Robert here, continuing my series of the directors that shaped the past 10 years. Glad to see the first installment generated lots of conversation and debate. Sticking with my promise to feature young talent along with legends, this weeks subject is Ramin Bahrani.
Number of Films: Three.
Modern Masterpieces: You could make a case for any of them and I’d be inclined to agree with you.For my money, Chop Shop is the winner.
Total Disasters: None.The term “disaster” seems so intertwined with excesses.
Better than you remember: none, unless you remember any as being bad.
Awards: A handful of awards from small film festivals and a little Independent Spirit recognition.
Box Office: Keeps improving though don’t expect any of his films to make a lot of money.Goodbye Solo is the current champ with just over $800,000
Critical Consensus: Critics love him.Chop Shop and Goodbye Solo duke it out for his best reviewed.
Favorite Actor: Ahmad Razvi from Man Push Cart showing up in Chop Shop (in support) is the only overlap.
Let's talk about:
The American Dream. Ramin Bahrani seems like a fitting director to discuss following Martin Scorsese, as the two have a lot in common.Both are first-generation Americans whose directorial sensibilities are deeply rooted in the classic cinema of their heritage. And while their films aren’t always about the “immigrant experience,” they deal regularly in the lives of outsiders, those with seemingly no place in the world. But here’s where the similarities end: Scorsese loves his outsiders conflicted, alienated, angry. Bahrani’s outsiders are well meaning, hard working, and headed directly for the brick wall of reality. Which brings us back to the “American Dream,” which despite being a cliché and a loaded term, still has enough people aiming for it, that it’s worth exploring. And Bahrani’s films never feel cliché, contrived, or even manipulative. Starting with Man Push Cart, we know relatively soon that Ahmad’s future won’t be bright and joyous. It seems like such a natural assumption, even though it’s based off little else other than the fact that he seems like a nice guy (oh cinematic nice guys, neorealist films be your doom).
Ahmad is literally an immigrant though Ale, the boy at the center of Chop Shop, may not be (it hardly matters). Ale is far further out of place among the slums of New York’s Iron Triangle (more than a few critics noted how closely it resembles a third-world country). Here Bahrani seems further intent on drawing a line between the hope, represented by Ale who’s saving up money to buy a food cart, and the sad practicality (Ale’s teenage sister, who’s method of making money is more fatalistic) of the American Dream. Their ability, or inability to coexist takes us into another realm of the dream (it’s not all economics, you know), love, familial, or otherwise. It’s almost too much to ask: love and money. But don’t despair. Even though we spend the film hopelessly rooting for Ale and sister Isamar, it’s not a masochistic endeavor.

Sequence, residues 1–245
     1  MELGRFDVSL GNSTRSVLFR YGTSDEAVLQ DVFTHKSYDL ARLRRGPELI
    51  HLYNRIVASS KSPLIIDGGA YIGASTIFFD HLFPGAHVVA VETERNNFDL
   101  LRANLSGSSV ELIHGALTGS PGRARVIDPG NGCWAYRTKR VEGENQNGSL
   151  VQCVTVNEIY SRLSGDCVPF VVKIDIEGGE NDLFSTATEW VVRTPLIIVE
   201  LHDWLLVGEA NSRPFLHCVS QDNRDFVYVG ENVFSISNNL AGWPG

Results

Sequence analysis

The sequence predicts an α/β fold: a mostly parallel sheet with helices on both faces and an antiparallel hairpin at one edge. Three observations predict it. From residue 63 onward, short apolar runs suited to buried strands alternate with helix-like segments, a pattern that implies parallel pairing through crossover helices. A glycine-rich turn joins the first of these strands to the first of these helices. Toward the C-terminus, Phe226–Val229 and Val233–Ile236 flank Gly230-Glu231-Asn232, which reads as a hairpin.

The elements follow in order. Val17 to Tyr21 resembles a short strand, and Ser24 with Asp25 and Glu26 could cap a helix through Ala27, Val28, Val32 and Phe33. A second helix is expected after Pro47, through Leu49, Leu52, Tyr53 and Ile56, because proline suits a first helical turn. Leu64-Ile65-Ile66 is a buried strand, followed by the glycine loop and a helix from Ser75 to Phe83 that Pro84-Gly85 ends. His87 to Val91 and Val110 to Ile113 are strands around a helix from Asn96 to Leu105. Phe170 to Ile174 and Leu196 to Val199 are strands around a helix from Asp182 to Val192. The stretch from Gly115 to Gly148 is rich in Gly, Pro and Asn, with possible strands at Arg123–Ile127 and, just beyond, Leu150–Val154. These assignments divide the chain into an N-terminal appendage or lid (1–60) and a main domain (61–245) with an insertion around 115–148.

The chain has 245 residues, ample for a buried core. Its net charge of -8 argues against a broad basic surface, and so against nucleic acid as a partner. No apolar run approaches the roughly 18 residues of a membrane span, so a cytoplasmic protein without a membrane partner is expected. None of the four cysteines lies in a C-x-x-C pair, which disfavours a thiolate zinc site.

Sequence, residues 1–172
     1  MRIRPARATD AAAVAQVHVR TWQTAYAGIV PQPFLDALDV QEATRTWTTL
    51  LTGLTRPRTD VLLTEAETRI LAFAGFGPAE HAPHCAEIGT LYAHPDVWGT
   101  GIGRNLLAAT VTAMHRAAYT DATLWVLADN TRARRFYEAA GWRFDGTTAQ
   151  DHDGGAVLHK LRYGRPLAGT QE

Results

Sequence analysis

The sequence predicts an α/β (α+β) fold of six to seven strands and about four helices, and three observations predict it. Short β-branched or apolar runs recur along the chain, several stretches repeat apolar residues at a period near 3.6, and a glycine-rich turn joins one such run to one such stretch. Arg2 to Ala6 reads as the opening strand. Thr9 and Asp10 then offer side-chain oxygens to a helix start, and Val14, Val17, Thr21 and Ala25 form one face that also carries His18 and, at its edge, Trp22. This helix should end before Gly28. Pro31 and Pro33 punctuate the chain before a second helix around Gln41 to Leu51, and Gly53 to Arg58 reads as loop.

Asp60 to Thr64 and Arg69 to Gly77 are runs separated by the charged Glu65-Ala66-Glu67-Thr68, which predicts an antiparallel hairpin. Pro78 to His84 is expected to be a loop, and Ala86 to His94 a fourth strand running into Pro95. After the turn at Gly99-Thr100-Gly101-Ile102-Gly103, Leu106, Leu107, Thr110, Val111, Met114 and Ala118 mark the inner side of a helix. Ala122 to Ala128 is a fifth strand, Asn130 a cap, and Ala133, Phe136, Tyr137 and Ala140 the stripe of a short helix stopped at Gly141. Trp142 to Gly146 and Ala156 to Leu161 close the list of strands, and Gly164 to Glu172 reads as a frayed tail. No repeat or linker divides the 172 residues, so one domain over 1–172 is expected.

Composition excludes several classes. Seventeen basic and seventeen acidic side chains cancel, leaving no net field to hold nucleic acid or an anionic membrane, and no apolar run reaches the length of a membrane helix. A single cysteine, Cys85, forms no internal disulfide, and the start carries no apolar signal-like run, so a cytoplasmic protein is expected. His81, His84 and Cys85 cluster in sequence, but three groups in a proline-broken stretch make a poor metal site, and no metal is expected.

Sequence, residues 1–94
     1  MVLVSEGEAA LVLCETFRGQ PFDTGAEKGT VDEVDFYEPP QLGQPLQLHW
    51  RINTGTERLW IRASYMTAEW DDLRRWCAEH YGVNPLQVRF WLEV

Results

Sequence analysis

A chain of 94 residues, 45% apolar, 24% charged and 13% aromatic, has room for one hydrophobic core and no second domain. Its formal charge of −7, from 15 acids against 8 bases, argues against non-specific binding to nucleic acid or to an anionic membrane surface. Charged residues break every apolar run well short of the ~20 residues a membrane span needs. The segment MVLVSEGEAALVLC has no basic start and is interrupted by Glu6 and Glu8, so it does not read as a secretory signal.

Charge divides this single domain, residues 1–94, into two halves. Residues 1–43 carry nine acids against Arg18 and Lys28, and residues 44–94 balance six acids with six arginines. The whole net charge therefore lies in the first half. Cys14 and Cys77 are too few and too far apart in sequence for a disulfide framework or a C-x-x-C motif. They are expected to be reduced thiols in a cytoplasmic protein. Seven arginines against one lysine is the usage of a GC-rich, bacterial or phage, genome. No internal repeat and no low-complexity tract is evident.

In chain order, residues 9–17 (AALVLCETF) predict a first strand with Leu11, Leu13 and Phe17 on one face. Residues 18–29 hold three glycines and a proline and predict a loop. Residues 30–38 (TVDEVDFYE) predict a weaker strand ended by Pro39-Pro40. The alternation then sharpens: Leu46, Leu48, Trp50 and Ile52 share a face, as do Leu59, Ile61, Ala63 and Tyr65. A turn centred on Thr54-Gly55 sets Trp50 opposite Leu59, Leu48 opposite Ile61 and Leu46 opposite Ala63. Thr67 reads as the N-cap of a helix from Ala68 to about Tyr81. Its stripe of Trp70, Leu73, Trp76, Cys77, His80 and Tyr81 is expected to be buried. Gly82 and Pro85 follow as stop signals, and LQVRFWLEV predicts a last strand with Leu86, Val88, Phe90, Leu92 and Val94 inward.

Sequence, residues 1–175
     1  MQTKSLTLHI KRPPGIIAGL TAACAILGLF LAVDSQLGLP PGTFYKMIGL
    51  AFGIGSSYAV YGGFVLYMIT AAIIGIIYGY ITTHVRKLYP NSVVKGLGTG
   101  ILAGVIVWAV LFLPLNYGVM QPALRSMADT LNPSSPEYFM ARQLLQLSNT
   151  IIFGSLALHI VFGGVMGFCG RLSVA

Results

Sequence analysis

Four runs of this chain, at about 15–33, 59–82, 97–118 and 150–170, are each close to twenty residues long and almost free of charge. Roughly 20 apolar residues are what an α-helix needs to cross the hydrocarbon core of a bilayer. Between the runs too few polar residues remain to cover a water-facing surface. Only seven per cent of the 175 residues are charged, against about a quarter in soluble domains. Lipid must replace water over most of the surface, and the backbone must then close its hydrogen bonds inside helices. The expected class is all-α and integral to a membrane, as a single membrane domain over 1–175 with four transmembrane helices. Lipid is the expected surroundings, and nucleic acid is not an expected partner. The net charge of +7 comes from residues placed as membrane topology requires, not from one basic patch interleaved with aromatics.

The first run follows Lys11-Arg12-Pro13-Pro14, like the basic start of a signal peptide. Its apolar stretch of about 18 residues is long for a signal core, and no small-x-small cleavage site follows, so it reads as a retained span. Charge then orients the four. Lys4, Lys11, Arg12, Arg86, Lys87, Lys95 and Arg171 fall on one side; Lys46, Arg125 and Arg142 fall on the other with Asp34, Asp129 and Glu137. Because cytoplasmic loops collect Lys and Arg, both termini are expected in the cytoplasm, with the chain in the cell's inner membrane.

Finally with Goodbye Solo, Bahrani again separates the hope and despair, this time represented by immigrant Senegalese cab driver Solo and disgruntled senior William who strike up a unique friendship (doesn’t that just sound Hollywood-esque… it’s not). Solo’s future looks brighter than any Bahrani character thus far but he’s naturally headed up against a brick wall, courtesy end-of-his-rope William. Solo is a great character, optimistic, full of life. When, half way through the film, something goes well for him, you might find yourself shocked (considering Bahrani’s record). But as he comes the recognize the inevitable existence of impossible demons near the end of the film, I couldn’t help but ponder how much William represents Solo plus time. Now there’s a depressing thought.
I don’t want to end on a depressing thought, so here’s some good news for you: There’s this young director named Ramin Bahrani who proves that the future of cinema isn’t as bleak as you’re led to believe. Roger Ebert calls him “the new great American director.” He’s right.
Oh and a quick pet peeve. When researching this article, I came across the phrase “Iranian director” more than a few times. Though there’s little doubt that Bahrani has been influenced by the great Iranian New Wave films of Kiarostami and Makhmalbaf (who in turn were influenced by the great Neorealists of Italy who, of course were vital in shaping the work of that other great American director, Martin Scorsese) Mr. Bahrani was born in North Carolina.